“So there was a huge amount of substantive work, the Prime Minister had given us our steer, so there was a load to get on with, and I was just focussed on that really.”

ConHome: “Only a few weeks ago, a convoy went down the Finchley Road with someone shouting ‘F*** the Jews, rape their daughters’.

“Do you think the effect of foreign affairs, and of Israel/Palestine, is intensifying in a malign way here in the UK?”

Raab: “That was a deeply worrying incident and we jumped on it very quick, both in terms of condemning it, but also making sure the Met were aware, and satisfying ourselves that they were on the case, to give the Jewish community the reassurance they needed.

“But this cross-fertilisation of the international realm into domestic policy actually is much more prevalent than that. You can see it on a whole range of issues.

“Because we’ve got such a wonderful international mix in the UK. I am very, very sensitive to the impact on the British Chinese community of what we’re doing.

“When you think about that community, one of the most entrepreneurial, I sat on the Education Select Committee for two years, the British Chinese standards, the parenting, the engagement, from every class level, was exceptional. The contribution they make to cultural life, in lots of different ways.

“You can think of it from both sides in relations to Kashmir.

“If global Britain is going to mean what it says, which we do, of course we’re going to have to be sensitive to and take into account the feelings of those who have immigrated or settled here, or second, third, fourth generation communities.

“The same is true the other way as well. One of the big things that happened, which didn’t get a huge amount of attention, is the Prime Minister’s meeting – it had to be virtual in the end – with Prime Minister Modi, where we set out a road map for ten years, the 2030 road map, including the road map to an FTA.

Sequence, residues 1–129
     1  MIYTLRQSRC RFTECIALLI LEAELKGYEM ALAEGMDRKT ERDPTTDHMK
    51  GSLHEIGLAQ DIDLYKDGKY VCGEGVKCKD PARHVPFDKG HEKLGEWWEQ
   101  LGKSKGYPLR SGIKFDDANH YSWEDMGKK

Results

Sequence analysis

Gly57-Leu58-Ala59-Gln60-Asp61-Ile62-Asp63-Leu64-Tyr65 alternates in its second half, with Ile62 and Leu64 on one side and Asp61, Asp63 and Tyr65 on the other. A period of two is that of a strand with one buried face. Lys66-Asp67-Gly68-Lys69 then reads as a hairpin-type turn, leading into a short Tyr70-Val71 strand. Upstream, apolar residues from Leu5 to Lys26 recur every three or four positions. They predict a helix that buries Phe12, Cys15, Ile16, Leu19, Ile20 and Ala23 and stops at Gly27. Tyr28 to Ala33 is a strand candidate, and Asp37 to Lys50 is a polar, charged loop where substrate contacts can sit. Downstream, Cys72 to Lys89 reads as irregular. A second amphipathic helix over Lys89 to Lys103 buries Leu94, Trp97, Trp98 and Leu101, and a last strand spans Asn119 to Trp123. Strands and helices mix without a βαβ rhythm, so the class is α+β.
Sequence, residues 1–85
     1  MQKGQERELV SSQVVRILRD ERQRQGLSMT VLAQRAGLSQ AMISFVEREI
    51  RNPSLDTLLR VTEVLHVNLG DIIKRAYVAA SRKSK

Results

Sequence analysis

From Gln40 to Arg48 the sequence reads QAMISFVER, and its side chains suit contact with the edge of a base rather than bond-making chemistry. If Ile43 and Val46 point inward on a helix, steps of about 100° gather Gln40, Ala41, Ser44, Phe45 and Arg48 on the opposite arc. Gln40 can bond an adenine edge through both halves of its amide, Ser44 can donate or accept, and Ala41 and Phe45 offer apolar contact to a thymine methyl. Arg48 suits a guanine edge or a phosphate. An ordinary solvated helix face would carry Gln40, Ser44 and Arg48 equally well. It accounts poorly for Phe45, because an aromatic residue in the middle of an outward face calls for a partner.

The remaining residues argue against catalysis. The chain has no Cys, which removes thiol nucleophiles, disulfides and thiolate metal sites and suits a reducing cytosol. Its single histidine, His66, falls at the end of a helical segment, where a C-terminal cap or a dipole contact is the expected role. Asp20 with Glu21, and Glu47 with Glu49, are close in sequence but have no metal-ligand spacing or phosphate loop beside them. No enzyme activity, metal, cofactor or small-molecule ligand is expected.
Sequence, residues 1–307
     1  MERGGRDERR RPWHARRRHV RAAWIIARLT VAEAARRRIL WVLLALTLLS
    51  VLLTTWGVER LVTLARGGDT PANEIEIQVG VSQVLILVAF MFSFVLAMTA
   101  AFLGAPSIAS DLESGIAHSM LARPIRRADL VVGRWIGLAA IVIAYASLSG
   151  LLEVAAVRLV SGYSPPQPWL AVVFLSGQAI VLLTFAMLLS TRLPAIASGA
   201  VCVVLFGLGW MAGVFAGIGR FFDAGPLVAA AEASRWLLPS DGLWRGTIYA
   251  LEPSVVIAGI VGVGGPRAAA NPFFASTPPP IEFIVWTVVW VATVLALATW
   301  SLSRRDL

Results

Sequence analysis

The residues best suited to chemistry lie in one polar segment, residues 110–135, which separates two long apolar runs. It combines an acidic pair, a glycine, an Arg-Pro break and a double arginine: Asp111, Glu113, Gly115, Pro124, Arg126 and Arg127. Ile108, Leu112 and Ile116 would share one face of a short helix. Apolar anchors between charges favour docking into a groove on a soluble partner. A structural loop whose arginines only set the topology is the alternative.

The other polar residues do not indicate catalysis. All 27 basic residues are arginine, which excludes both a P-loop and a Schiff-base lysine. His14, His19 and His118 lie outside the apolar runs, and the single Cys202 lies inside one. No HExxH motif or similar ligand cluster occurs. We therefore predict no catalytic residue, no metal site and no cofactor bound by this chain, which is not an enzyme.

“Some great stuff on migration and mobility, and young people, young professionals from here and from India being able to come and take advantage of everything the UK and India has to offer.

“Some stuff on cyber and other things, climate change.

“India deemed the UK a Comprehensive Strategic Partner. We’re only the fourth country India’s done that with. Now Prime Minister Modi himself has talked about the living bridge between the UK and India.

“He’s quite a lyrical leader, but actually it’s quite a good way of looking at it.

“And we have quite a few countries, because of our Commonwealth links, because of the travelling nature of Brits, where that’s true.

“But the truth is, if your foreign policy is a combination of pursuing a principled approach, but also delivering the national interest for the people of your country, you ought to be able to navigate that.”

ConHome: “Do you feel, in relation to Israel/Palestine and Kashmir, that the skies are darkening?”

Raab: “Well I don’t think you can combine them together.

“But let me take Israel and the Palestinians. I’ve been out there twice. I was out there recently. I met Yair Lapid as well as Prime Minister, as then was, Netanyahu, and a range of other leading figures.

“There is still going to be a measure of instability. I think the coalition may be fragile, it may be ground-breaking, we don’t know.

“But I think there seems to be a consensus that they need to firm up the ceasefire, and we need to try to avoid a vacuum taking hold, and there’s all sorts of ways we can do that.

“On the Palestinian side, there is an urgent need to shore up and support the moderate Palestinian leadership, and isolate and marginalise Hamas.

“I’m not expecting final status peace talks round the corner by Christmas. On the other hand, if you allow a vacuum to take hold then Hamas will take advantage.